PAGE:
Scheduled peace talks in Geneva between Yemen's government and Huthi rebels hung in the balance Thursday as both sides traded ultimatums and a UN envoy scrambled to mediate.
The rebel delegation, still in Sanaa, insisted the UN must meet a list of conditions before it will travel to Switzerland, prompting government representatives already in Geneva to give the Huthis a 24-hour deadline or it "will leave".
UN envoy Martin Griffiths, who said the planned meeting offered a "flickering signal of hope" for an end to the years-long conflict, had to postpone the start of the talks.
"He continues to make efforts to overcome obstacles to allow the consultations to go forward," his office said in a statement Thursday, adding that Griffiths remained "hopeful" the rebels would come.
The Geneva talks are meant to be the first since 2016, when 108 days of negotiations between the government of Abedrabbo Mansour Hadi and rebels failed to yield a deal.
The Huthis control the capital Sanaa and much of northern Yemen, while a Saudi-led coalition which backs Hadi's government controls the country's airspace.
Led by Foreign Minister Khaled al-Yamani, a Yemen government delegation arrived in Switzerland on Wednesday.
But on what was meant to be the first day of talks, the rebels issued an ultimatum from Sanaa Thursday, saying they would not join the talks until the UN meets conditions that include transporting their wounded to Oman for treatment and a guarantee they will be allowed to return home after the talks.
The rebels accused the UN of failing to keep promises in this regard.
According to the Huthis' Al-Masirah TV, the UN had been unable to "secure authorisation" from the Saudi-led coalition for a plane to transport the rebel delegation, along with wounded insurgents, out of Yemen.
Asked about the Huthi claims, Griffiths said Wednesday: "We are working on that."
The government delegation said it would wait only another 24 hours, until midday (1000 GMT) Friday.
"We have this scheduled meeting since two months ago ... Today we are alone," delegation member Hamza Alkamali told journalists, and claimed the rebels were making it clear "they don't want peace".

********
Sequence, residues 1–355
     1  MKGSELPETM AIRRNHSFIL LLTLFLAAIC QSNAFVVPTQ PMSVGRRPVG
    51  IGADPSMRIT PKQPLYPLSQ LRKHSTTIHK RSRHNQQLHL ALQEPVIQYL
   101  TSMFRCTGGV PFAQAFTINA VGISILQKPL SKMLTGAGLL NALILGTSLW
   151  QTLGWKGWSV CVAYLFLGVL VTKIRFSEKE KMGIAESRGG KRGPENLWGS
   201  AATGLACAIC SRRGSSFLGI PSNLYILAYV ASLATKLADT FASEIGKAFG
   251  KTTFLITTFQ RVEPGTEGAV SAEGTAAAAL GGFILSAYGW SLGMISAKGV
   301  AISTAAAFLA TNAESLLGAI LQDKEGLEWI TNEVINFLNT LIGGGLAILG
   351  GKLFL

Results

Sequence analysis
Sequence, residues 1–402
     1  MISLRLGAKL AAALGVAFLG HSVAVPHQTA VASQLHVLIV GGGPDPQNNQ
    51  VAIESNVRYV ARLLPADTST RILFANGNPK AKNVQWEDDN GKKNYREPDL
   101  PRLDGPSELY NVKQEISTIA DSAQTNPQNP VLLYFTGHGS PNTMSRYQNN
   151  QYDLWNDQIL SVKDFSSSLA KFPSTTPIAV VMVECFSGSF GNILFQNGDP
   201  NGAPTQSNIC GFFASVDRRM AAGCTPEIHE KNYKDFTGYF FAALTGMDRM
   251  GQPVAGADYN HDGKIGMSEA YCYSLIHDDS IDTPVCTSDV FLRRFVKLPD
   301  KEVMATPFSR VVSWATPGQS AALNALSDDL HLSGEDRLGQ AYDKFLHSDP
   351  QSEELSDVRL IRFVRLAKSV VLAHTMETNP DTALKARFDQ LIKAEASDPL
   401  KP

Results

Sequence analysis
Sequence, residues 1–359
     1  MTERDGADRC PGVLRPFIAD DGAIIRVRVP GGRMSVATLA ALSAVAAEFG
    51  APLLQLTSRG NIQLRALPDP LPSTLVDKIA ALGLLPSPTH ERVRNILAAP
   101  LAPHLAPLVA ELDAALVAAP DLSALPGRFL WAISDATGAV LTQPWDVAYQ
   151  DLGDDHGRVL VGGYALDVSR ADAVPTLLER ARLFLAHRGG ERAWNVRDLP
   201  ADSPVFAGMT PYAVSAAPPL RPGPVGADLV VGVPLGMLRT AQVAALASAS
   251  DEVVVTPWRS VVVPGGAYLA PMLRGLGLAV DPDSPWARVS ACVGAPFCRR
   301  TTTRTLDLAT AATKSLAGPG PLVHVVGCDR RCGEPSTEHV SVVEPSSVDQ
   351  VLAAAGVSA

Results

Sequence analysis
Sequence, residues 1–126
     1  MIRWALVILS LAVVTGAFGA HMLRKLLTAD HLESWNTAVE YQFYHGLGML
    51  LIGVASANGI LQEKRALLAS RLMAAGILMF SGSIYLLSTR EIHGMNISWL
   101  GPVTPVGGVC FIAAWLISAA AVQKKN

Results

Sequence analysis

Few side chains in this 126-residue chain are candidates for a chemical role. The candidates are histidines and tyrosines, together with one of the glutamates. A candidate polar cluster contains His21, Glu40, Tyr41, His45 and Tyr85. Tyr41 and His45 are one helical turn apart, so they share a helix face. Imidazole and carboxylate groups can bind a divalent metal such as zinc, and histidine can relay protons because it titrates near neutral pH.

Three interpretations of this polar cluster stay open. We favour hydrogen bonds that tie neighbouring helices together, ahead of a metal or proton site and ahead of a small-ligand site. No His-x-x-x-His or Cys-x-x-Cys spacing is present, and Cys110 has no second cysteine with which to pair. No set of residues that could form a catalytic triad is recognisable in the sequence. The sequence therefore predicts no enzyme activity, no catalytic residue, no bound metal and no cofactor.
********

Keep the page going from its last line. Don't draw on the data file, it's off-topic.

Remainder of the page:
"We want them to come, and we are pushing them to come," said Alkamali. However, "we will leave, if they don’t come... in the next 24 hours."
On Thursday, an AFP journalist saw the envoy entering the Geneva hotel hosting the Yemen government delegation.
Griffiths had told journalists he would begin informal consultations" with the government team while the rebels make their way to Switzerland.
When the two parties eventually meet, he said on Wednesday, there would be no "formal negotiations", merely exploratory talks on how to get the parties around a negotiating table.
The UN Security Council on Wednesday urged both sides to "take a first step towards ending a conflict that has brought severe pain and humanitarian suffering to the Yemeni people".
- 'Collateral damage' -
All previous attempts to resolve the Yemen war have failed.
Griffiths is the UN's third Yemen envoy since 2014, when Huthis overran the capital and drove Hadi's government into exile.
The following year, Saudi Arabia and its allies formed a powerful regional military coalition to back Hadi's government.
The conflict has left nearly 10,000 people dead and pushed the Arab world's most impoverished country to the brink of famine.
On Thursday, the Saudi-led coalition acknowledged there may have been "collateral damage" from August 23 strikes the UN said killed 26 children south of the port of Hodeida.
A day earlier, Saudi Arabia shot down a ballistic missile fired by Huthi rebels, with shrapnel wounding 26 people including two children, the coalition said.